Over the past year, Google has been working on a wholly new operating system named Fuchsia. Back in May, we got our first look at the current UI for Fuchsia OS, while we also know a bit about the underlying system. In a curious move, Google yesterday renamed the “Magenta” kernel to “Zircon.”
One reason Fuchsia is different from Android or Chrome OS is that it’s not based on Linux. Rather, the OS uses a new kernel designed to scale from Internet-of-Things devices to phones to desktop computers. This theoretically means that Fuchsia could one day be Google’s unified operating system for all its devices.
This kernel was originally named “Magenta,” but was renamed to “Zircon” yesterday (via Twitter). In git, Google whimsically calls the change the “Great Renaming.”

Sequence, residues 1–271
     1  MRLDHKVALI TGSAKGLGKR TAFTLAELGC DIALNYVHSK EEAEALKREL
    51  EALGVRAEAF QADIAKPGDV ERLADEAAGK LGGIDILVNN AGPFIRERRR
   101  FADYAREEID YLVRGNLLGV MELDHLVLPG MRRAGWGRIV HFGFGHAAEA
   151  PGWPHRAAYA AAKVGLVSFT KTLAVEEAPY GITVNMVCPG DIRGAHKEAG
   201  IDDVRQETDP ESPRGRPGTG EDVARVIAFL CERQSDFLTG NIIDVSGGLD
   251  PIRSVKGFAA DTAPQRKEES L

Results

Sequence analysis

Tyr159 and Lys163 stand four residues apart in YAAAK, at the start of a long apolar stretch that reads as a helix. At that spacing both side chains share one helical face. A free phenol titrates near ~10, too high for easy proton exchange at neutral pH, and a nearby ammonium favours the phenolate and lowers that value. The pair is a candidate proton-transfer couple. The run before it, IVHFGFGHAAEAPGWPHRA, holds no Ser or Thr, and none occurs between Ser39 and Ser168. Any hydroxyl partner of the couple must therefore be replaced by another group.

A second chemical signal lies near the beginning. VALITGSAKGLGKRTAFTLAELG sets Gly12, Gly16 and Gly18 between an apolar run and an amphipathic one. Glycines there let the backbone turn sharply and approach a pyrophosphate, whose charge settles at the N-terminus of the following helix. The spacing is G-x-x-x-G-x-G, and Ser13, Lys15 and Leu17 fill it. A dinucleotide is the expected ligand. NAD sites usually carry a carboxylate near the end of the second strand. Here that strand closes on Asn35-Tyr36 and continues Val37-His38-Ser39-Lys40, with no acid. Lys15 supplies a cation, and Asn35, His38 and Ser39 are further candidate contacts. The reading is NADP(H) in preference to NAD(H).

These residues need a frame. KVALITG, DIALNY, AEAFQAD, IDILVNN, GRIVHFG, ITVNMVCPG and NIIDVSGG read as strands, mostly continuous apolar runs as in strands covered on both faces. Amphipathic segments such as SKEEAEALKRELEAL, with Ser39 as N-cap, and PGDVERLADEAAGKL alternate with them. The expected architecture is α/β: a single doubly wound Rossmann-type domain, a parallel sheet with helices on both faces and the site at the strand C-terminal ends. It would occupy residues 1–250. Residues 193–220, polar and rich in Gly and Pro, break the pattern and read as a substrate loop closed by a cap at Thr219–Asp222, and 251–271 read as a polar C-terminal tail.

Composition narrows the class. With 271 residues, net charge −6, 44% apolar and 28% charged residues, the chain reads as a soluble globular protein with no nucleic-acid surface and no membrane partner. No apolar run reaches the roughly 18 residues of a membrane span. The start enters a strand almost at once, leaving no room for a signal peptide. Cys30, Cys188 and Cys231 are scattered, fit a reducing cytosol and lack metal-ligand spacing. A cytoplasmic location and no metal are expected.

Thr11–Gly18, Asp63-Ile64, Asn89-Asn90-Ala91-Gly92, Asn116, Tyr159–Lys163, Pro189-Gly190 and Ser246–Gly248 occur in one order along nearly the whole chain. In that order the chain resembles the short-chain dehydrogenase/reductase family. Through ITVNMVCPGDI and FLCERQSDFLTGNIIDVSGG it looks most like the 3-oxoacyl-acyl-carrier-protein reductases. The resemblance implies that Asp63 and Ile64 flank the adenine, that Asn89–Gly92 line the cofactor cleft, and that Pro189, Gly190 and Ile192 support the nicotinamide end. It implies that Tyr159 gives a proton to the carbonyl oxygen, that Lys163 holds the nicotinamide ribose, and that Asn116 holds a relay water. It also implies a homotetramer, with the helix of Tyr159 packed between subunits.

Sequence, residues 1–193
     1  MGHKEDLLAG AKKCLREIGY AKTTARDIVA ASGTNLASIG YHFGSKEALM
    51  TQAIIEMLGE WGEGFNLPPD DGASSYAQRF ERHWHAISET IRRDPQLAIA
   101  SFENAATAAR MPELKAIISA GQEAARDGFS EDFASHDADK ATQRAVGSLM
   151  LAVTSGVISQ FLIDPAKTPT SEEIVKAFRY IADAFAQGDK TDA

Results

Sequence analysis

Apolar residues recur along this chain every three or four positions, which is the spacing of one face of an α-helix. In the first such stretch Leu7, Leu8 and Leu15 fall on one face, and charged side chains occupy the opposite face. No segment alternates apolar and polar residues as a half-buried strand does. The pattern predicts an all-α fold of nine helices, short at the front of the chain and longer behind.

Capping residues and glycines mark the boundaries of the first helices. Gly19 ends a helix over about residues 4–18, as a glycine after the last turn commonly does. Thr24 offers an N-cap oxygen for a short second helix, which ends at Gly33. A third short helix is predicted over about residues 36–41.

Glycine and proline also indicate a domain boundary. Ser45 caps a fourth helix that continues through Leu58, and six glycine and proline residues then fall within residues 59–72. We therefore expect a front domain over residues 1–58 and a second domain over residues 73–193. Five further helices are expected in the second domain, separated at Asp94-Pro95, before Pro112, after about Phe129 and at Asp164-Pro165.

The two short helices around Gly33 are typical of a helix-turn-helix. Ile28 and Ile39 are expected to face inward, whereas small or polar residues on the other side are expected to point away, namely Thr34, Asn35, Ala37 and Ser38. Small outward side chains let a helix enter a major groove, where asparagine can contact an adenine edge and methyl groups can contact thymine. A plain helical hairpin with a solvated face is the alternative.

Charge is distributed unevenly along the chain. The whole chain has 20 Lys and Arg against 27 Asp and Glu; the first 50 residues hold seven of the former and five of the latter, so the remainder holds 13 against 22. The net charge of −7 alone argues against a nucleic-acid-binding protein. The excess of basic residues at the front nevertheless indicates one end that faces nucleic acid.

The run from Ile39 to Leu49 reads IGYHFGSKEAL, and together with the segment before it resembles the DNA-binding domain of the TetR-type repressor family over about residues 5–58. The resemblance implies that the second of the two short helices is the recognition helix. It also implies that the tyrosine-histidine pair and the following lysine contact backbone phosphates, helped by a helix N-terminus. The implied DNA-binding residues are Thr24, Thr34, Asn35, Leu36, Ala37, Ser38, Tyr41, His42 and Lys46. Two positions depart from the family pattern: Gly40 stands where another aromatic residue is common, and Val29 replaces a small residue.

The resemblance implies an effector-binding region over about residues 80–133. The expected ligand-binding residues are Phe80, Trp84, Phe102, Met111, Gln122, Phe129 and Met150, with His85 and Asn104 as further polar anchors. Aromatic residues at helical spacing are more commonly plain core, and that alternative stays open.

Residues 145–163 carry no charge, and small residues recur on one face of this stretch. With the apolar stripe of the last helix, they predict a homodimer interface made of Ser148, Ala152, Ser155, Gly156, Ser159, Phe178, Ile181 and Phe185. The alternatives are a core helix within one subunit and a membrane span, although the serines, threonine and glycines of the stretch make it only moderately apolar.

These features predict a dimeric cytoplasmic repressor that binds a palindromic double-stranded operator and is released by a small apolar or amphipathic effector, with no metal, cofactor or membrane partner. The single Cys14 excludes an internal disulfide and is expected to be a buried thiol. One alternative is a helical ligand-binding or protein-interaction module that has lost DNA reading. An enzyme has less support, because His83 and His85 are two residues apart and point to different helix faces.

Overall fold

Zircon is the core platform that powers the Fuchsia OS. Zircon is composed of a microkernel (source in kernel/…) as well as a small set of userspace services, drivers, and libraries (source in system/…) necessary for the system to boot, talk to hardware, load userspace processes and run them, etc. Fuchsia builds a much larger OS on top of this foundation.
Changing the name of the “core platform that powers the Fuchsia OS” to a hard, gemstone is rather appropriate and symbolic. Given that Fuchsia is also a color, the Zircon name might help clear up the confusion between the OS and its underlying parts.
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